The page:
Wednesday, July 04, 2007

Grandma Used to Have an Ass

Don't you just love the kinds of conversations you can get into with kids? This was the killer line in one this week, along with "and grandpa had a favorite bitch." We were talking about swear words and how they became swear words and what their original origins were. So we discussed bitches and bastards and why "shit" is a curse word but "poo" is not.

A couple of years ago, one of my kids' friends came up to me visibly upset. She confided in me that she was really afraid because she didn't know what "the F word" was and was very worried that she might accidentally say the "F word" out loud and offend people. This word held so much power in her head because of its mysterious status that she was very disturbed about it. Many people inadvertantly give swear words enormous power in kids' minds because of the prohibitions against saying them and the mysterious and "bad" aura that hangs over these words. Since that incident, I became even more convinced that the way to take the power and mystique out of such things was just to address them as we do everything else, with open communication and dialogue.

So this week the subject just happened to come up and we discussed them all (well, almost all. I'm actually a bit relieved to say that I didn't have to explain "bugger" because my kids didn't ask, that one would've been just a wee bit more delicate). We talked about where the words come from and why they got their power. We discussed cultural mores through the centuries and why it used to be a terrible insult to be called a bastard, whereas nowadays such a condition is much less rare and not nearly so stigmatized. And of course we eventually also talked about why some folks are offended by curse words and where it is and isn't appropriate to use them.

Surprisingly to some folks (but not really to me) although my kids are well acquainted with these "curse words" and though they are able to use them around me with impunity (I've assured them that I'm almost impossible to offend), the kids don't really curse. Even when stubbing their toe or anything, which is impressive given that I have to work pretty hard to curb my sailor-mouth at times. It's something I struggle with and have to consciously think about in mixed company. I'm happy that my kids are curious about such things, but also show the good sense to know what is and isn't appropriate in social circumstances.

And yes, in case you're wondering, my grandma's ass was named Dolly. She was grey and fuzzy and lived to a ripe old age in the back pasture.

5 comments:

Heather said...

It's funny that we've not had many conversations about "bad words" here. My kids picked up which words were swear words just from context and the slight vocal difference with which they were pronounced. I once had a conversation with one of my daughters about someone she reported to say a "bad word." After much coaxing and reassurance that she would not be punished for repeating it, she admitted it was, "Holy cow.".. This based solely on how it was said. I find that kind of funny.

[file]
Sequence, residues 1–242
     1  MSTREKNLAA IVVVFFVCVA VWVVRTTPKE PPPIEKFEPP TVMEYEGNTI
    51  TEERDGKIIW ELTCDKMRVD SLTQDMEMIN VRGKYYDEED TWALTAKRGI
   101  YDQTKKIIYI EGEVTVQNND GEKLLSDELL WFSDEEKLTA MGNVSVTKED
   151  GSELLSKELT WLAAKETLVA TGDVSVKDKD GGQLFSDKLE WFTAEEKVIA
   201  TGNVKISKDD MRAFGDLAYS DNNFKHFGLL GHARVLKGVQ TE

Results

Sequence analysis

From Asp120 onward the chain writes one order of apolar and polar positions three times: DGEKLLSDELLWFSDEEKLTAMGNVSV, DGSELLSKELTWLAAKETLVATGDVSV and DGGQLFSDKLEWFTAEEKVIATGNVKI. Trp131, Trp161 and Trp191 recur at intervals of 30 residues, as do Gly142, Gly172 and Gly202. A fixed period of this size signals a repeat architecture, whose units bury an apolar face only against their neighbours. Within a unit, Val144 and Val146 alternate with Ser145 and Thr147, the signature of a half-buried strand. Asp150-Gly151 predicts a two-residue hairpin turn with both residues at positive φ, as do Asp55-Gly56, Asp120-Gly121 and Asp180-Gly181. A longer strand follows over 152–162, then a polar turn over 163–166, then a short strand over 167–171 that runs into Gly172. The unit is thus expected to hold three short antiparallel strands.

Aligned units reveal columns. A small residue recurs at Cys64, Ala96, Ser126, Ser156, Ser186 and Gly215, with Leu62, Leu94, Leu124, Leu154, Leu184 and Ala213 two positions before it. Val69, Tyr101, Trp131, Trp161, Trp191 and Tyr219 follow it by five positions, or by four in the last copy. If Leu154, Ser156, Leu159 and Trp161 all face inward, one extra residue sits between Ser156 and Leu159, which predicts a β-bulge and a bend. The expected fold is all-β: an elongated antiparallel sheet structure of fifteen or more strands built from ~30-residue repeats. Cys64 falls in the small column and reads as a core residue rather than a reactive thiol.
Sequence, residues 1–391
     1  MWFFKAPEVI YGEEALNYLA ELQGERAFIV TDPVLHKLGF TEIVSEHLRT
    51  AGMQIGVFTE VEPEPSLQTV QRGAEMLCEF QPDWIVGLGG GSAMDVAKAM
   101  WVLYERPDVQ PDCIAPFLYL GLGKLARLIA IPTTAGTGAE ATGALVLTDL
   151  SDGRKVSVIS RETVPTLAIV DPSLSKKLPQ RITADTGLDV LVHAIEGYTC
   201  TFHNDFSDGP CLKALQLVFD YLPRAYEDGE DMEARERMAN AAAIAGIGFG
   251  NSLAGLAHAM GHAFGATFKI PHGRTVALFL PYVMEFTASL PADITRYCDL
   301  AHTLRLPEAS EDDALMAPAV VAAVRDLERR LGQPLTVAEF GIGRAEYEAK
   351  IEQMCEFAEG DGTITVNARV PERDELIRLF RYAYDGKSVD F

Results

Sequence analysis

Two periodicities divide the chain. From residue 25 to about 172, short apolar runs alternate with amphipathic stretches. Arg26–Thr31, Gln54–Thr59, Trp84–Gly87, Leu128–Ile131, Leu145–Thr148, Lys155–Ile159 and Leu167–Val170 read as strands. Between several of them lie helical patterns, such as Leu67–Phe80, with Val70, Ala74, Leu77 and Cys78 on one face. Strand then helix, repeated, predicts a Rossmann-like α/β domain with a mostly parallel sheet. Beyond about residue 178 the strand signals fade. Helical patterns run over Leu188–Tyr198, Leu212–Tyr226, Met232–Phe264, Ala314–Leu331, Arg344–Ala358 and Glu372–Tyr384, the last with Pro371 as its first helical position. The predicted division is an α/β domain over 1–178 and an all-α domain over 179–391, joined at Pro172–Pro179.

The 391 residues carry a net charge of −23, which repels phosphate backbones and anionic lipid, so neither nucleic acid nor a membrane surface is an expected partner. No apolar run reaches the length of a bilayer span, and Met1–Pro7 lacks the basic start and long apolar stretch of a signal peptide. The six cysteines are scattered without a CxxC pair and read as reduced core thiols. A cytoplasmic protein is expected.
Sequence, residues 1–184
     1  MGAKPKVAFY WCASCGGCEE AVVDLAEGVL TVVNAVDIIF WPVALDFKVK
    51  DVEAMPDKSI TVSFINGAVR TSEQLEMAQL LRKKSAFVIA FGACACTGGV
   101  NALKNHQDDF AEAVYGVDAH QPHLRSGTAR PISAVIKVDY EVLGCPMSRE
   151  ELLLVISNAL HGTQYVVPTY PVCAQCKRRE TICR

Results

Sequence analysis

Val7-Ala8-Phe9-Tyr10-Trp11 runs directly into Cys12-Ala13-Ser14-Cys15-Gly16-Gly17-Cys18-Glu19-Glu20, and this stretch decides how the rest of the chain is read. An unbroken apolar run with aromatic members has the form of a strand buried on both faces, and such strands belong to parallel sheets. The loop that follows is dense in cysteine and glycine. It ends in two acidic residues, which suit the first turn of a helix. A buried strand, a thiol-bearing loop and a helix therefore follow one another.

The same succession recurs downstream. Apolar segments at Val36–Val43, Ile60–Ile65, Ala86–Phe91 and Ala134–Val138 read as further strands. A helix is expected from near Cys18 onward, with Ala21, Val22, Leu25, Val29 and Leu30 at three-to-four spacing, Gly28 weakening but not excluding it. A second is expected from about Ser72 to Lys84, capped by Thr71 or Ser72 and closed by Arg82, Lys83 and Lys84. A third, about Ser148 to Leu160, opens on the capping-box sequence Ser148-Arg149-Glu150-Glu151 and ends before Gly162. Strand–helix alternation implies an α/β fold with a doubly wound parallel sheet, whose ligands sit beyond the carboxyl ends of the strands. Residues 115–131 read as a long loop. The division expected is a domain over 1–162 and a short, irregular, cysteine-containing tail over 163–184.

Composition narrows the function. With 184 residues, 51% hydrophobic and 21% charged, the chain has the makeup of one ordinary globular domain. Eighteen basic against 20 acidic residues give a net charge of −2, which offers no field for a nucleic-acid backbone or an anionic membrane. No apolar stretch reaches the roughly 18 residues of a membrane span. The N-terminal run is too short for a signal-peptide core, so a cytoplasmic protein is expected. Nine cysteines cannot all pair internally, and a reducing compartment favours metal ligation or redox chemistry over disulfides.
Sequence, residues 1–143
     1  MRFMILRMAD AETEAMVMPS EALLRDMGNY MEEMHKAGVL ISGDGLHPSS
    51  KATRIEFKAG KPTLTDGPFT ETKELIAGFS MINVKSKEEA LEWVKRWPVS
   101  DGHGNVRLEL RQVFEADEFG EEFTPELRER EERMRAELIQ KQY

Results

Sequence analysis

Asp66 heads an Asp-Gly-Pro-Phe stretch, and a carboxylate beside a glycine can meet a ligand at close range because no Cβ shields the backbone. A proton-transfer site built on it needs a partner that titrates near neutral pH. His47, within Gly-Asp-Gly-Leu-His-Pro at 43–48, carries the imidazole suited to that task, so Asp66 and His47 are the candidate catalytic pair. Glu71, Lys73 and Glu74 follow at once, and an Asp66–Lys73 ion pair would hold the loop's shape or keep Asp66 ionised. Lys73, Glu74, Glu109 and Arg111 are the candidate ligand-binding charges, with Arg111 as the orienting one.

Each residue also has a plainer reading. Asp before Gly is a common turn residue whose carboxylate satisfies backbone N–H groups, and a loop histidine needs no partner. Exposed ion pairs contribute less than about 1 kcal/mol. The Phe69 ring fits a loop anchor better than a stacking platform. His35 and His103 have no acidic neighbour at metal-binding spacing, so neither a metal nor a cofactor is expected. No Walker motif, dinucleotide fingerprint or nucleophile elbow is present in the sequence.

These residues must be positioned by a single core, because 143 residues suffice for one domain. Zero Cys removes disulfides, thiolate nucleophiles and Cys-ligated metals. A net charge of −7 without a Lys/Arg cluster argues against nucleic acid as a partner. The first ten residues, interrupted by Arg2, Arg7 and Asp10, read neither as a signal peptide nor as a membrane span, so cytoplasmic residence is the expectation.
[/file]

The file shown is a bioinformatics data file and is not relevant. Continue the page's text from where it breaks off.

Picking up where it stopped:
Brenda said...

Grandma had a very cute ass!

We've had many discussions here about the powerful words. I try hard not to swear because I think it often overshadows whatever point is being made and lessens the impact of the other words, so it cracks my sister up to hear my discussing the forbidden swear words with my kids in a matter-of-fact manner.

Tracy said...

I don't know if I'm showing my ignorance or my location... but I don't know why "bugger" is a bad word! I think I have some google research to do now! LOL

Tracy said...

Okay! I'll all informed now. Thanks for the heads up. I'd heard it, and thought of it as perhaps a cute British saying. It sounded "mild" to my ears. Irritating little "buggers"... like maybe chiggers or mosquitoes. ;-)

Jamie and Kathy said...

i've had the same experience and recently we had the "bastard" discussion. Both boys were thrilled to find out that they are bastards. :)

I swear all the time but the words honestly don't bother me. Right now their only friends are Mormons and the kids will chide me when I use a word that their friends have been told is a "bad" word. So the boys are very respectful of how their words affect others even though they've had complete freedom to use any word they'd like. They know that I don't consider any words "bad" but that the rest of the world defines words as "swear" or "curse" or "bad".